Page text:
In this case the dark blue curve clearly has the following properties:

    f'(x)>0 and f''(x)>0

    It seems that in the case of functions of the form y=\frac{a}{\left(\frac{x}{a}\right)^n} the dark blue curve is always a horizontal line.

    Are there any downward sloping convex functions that would produce a negatively sloped dark blue curve? Or perhaps one that alternates between negative and positive slope?

    These are the real questions I am interested in. Appreciate the help.
    Attached Thumbnails Attached Thumbnails can anyone think of more downward sloping convex functions?-clipboard012.jpg  
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    I think you meant that for the dark blue curve,

    f'(x)>0, f''(x)<0. Right?

    I wonder if we can find the equation of the dark blue line. The tangent lines are, as you've said,

    y_{\tan}=-\dfrac{k}{m}\,x+k, and

    y_{\text{curve}}=\dfrac{a^{2}}{x-a}.

    We would like to determine a=a(k,m). To do this, we equate the functions:

    -\dfrac{k}{m}\,x+k=\dfrac{a^{2}}{x-a}.

    We solve this for x to obtain

    x=\dfrac{1}{2}\left(a+m\pm\dfrac{\sqrt{a^{2}(k-4m)-2akm+km^{2}}}{\sqrt{k}}\right).

    However, we want there to be only one solution, arguing from a graphical standpoint. Therefore, the square roots in the numerator must vanish, which implies that

    a^{2}(k-4m)-2akm+km^{2}=0, with solution for a of

    a=\dfrac{\sqrt{k}\,m}{\sqrt{k}\pm 2\sqrt{m}}.

    There's a lot more to this problem. It's a difficult one, and I'm not seeing something here.
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    Quote Originally Posted by Ackbeet View Post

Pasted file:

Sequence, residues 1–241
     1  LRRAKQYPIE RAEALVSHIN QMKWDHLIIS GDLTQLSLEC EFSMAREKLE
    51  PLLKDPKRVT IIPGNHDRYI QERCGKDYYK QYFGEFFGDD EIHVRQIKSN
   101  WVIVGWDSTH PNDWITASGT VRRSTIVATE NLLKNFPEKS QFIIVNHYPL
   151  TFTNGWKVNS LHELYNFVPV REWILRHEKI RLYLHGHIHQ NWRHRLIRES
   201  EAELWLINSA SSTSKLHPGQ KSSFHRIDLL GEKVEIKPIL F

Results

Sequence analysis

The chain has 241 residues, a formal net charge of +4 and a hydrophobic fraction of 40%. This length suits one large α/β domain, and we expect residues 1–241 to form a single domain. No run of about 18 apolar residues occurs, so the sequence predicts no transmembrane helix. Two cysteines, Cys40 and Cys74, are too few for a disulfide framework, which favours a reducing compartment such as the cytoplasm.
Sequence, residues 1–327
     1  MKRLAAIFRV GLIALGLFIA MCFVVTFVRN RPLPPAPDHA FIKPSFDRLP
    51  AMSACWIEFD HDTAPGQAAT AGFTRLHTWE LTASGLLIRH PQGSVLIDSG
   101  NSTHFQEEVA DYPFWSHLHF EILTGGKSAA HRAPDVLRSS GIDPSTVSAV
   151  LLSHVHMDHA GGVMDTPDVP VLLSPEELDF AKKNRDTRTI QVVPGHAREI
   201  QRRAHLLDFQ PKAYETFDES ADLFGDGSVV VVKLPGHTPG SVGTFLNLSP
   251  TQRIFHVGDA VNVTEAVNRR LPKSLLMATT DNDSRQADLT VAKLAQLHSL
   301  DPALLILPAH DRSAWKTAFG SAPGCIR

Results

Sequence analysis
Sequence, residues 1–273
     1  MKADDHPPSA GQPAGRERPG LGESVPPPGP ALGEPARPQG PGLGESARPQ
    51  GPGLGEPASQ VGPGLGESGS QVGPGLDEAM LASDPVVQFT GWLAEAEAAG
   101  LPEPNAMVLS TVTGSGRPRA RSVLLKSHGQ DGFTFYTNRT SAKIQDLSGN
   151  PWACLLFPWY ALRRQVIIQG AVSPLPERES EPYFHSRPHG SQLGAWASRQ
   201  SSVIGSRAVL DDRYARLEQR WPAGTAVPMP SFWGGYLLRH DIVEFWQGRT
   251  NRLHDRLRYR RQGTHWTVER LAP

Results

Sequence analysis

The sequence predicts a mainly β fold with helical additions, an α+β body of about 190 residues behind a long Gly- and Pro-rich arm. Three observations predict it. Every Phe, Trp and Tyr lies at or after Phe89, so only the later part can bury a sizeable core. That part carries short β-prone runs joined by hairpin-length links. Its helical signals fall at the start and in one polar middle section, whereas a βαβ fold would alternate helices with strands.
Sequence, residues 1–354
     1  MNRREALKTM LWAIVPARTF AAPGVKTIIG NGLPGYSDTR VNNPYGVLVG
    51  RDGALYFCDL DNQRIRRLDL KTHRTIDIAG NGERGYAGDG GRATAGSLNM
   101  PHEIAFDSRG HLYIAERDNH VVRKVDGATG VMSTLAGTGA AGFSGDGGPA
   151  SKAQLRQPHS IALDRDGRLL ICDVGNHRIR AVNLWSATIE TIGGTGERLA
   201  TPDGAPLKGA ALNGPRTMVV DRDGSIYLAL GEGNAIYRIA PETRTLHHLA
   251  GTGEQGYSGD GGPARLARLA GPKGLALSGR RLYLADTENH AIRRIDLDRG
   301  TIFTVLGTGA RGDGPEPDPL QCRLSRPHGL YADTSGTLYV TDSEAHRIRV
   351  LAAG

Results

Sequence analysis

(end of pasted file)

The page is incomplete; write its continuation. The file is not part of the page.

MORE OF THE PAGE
I think you meant that for the dark blue curve,

    f'(x)>0, f''(x)<0. Right?
    Yes, forgive me.

    Quote Originally Posted by Ackbeet View Post
    I wonder if we can find the equation of the dark blue line.
    I plotted the blue curve parametrically, as the explicit solution is way too long to fit into my grapher.

    Y(t)=\frac{2kt-k\sqrt{kt}}{\abs{4t-k}}

    X(t)=\frac{t\sqrt{kt}+2t^2-kt}{\abs{4t-k}}

    where t=m
    This plot is good only up to where the denominator is 0.

    In solving for "a", the one thing you are missing is that you have \dfrac{a^{2}}{x-a}. where it should be \dfrac{a}{\frac{x}{a}-1}. Following the same steps, then, you arrive at the positive root:

    a=\frac{2m\sqrt{km}-km}{4m-k}

    Quote Originally Posted by Ackbeet View Post
    There's a lot more to this problem. It's a difficult one, and I'm not seeing something here.
    I have gotten as far as I have only because I am using a CAS to solve my equations. Making the downward sloping curve only slightly more complicated, such as \dfrac{a}{(\frac{x}{a})^2-1}, the solution for "a" and for the parametric equations becomes MUCH more intractible, even with a CAS.

    Not wanting to abuse your good will, I would be content if, just intuitively, you would offer your best guess as to:

    1) If, for any downward sloping convex curve with positive asymptotes, the slope of the dark blue curve will always be 0 or positive.
    2) In the event that it is possible for the dark blue slope to be negative, does it seem to you there might be cases where it will also alternate between negative and positive? Or can we rule this possibility out completely?